article

12.12.08

In Defense of Chicago Politics

Dan Rostenkowski, the son of a ward boss who became a legendary congressman, on why Gov. Blagojevich shouldn't tar a whole city.

During my career as a public official, I always tried to steer away from the minority of my colleagues who viewed public service as a potential commercial enterprise. They’ve always been there and can be found in state capitols and in Washington.

Springfield, Illinois, is no exception, though I’d also argue that it is hardly unique. When I was in the Illinois General Assembly during the 1950s, I rejected an offer that would have given me a sweetheart stock deal in return for voting to support an expansion of the horseracing season.

I suspect such offers are still being made today. And I wouldn’t be surprised if some politicians found them attractive.

It is painful to recall my situation and, on a personal level, I can sympathize with the pain the governor’s family must feel and can uniquely understand their concerns about what comes next.

At the acme of my career, when I chaired the House Ways and Means Committee, which writes tax policy, I struggled successfully to restrain myself when a colleague suggested moving forward legislation he thought it would enhance our ability to raising money from oil interests. But such improper suggestions were more likely to come from outside lobbyists than from other elected officials.

Former Rep. Dan Rostenkowski DiesAs a politician who more than a decade ago was disciplined for breaking the rules, I’m still uncomfortable writing about it. It continues to overshadow the positive things I did, including a lonely battle to write and enact tax reform in l986. Apparently bad news trumps.

Similarly, the current story about one apparently corrupt Illinois politician is used to tar the reputation of all those who serve our state, despite the fact that most do so with distinction.

It is painful to recall my situation and, on a personal level, I can sympathize with the pain the governor’s family must feel and can uniquely understand their concerns about what comes next.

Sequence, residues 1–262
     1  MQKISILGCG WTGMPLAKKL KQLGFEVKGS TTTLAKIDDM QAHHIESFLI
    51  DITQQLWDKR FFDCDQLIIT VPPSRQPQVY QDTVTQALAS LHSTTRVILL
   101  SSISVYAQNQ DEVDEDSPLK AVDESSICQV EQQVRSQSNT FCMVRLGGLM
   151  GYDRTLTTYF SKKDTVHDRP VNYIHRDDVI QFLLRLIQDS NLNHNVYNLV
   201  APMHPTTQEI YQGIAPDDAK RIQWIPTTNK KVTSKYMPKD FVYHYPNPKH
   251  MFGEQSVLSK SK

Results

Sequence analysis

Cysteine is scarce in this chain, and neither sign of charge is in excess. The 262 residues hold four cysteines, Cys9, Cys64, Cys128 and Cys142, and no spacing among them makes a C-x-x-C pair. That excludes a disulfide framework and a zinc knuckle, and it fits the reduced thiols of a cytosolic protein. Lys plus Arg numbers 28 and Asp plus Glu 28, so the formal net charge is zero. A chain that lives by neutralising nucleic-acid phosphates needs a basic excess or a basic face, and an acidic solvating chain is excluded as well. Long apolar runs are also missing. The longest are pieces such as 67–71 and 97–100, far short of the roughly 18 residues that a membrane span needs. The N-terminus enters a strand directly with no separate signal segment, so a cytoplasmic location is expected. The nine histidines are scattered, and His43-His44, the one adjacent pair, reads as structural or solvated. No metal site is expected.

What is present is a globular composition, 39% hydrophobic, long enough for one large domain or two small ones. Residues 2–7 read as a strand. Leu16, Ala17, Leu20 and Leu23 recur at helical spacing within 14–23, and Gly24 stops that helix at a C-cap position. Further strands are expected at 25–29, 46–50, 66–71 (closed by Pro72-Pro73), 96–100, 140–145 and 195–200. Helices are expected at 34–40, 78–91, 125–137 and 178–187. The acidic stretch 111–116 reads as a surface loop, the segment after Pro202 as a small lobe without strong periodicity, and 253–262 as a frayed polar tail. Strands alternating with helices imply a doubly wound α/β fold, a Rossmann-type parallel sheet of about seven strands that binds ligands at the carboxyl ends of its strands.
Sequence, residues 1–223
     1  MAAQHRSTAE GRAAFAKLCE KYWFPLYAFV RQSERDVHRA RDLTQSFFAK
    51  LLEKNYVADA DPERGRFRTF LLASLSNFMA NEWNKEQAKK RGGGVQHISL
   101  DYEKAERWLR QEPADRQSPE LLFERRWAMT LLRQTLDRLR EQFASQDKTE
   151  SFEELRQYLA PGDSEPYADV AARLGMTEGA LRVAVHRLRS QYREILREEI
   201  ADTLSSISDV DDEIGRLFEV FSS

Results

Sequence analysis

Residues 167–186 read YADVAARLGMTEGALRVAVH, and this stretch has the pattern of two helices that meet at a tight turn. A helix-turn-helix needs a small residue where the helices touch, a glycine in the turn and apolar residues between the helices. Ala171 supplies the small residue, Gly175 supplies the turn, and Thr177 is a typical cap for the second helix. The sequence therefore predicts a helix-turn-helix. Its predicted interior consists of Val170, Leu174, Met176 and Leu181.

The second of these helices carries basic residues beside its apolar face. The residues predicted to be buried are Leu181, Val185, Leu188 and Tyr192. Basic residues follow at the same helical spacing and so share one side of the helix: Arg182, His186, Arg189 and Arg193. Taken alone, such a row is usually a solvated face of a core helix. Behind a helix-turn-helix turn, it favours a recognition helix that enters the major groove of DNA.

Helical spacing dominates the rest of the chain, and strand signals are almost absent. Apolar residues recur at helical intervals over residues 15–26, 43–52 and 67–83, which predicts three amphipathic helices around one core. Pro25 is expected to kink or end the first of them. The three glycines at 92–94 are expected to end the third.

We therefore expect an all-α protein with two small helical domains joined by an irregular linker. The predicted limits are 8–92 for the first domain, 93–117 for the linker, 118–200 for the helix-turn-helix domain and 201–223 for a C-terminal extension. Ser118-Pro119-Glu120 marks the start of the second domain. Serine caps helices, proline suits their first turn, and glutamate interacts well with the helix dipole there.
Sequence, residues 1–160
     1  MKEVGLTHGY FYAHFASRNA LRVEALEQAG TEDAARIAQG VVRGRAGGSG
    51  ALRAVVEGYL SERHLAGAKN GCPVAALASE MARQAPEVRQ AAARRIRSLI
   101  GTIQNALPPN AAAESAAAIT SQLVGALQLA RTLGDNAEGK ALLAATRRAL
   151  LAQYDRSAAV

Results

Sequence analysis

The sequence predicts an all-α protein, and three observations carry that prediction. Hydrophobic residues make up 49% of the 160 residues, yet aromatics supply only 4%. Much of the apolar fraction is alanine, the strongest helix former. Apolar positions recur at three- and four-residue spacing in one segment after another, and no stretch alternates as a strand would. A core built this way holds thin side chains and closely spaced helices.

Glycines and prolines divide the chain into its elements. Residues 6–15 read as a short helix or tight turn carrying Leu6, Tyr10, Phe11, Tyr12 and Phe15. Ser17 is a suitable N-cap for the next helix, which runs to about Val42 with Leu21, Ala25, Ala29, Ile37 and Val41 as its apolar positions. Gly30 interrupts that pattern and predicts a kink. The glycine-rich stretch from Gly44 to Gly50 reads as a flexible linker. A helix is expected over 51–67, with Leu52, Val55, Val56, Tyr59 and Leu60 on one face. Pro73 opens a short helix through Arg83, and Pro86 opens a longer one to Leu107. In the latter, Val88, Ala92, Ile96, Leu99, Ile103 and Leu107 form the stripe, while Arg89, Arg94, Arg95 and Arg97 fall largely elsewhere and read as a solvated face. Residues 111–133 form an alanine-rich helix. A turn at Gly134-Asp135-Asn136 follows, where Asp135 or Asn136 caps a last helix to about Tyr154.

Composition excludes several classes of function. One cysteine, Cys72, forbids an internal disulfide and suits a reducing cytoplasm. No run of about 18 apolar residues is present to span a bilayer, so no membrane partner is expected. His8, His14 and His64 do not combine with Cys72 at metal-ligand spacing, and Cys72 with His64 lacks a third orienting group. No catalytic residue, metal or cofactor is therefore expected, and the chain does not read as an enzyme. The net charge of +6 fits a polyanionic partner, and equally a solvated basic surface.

But I find his reported behavior troubling. There’s a big difference between running a sloppy office and staging a personally-beneficial auction to make policy and personnel decisions. That’s what disturbs the public. It bothers me, too.

It would be a mistake, though, to conclude that Chicago or Illinois produced a disproportionate share of bad apples. They’re present in both parties whenever opportunity appears.

And while they tarnish the reputation of the entire political profession, there’s little evidence suggesting the small minority involved is any larger than it is among doctors, lawyers or corporate executives. In each field, honesty and integrity are the norms. In each, a small number stray, some seriously. Cynics who see corruption as pervasive in politics are wrong.

As Nancy Reagan might put it, the correct response is to simply say no and to stay away from situations that threaten to compromise personal integrity.

Nonetheless, the temptations keep coming and at least a small percentage of politicians give in to them. A smaller group apparently actively seeks them out. As a rule, they’re as crude and inept as they are subversive of the public interest, so most are quickly caught.

Minimizing the problem is a continuing challenge. We need to reassure the public that such behavior is viewed as unacceptably out of bounds by the majority of politicians, who are trying to create a better country despite the lack of any consensus about how precisely to achieve that goal.

Many of my political colleagues are very wary of purists who resist the inevitable need to compromise and settle for half a loaf—or even a few slices—of what they construe as progress. But there’s a big difference forging a political compromise, which is part of the job, and running an auction where the highest bidder wins, which is wrong. Most politicians know the difference.

The few who don’t stain the reputations of the majority who know better.

Our focus on today’s scandal should not distract us from the positive role Illinois has had. in presidential contests, including this year’s. Abraham Lincoln’s record remains exemplary. I’ve always also thought of Ronald Reagan, who I both collaborated with and confronted—depending on the issue—as a son of Illinois. After all, he was born and educated here and California never robbed him of some basic Midwestern values—like straight talk and a willingness to split the difference with the other side and acknowledge that a modest victory was preferable to a principled, but uncompromising stand that precluded any progress.

For Illinois politicians, this is both the best of the times and the worse of times. For Americans, the election of a new president with the potential to change things for the better should—and soon will, I hope, overshadow the tainted debate about his senate successor.

Dan Rostenkowski served as U.S. Congressman from Illinois from 1959 to 1995.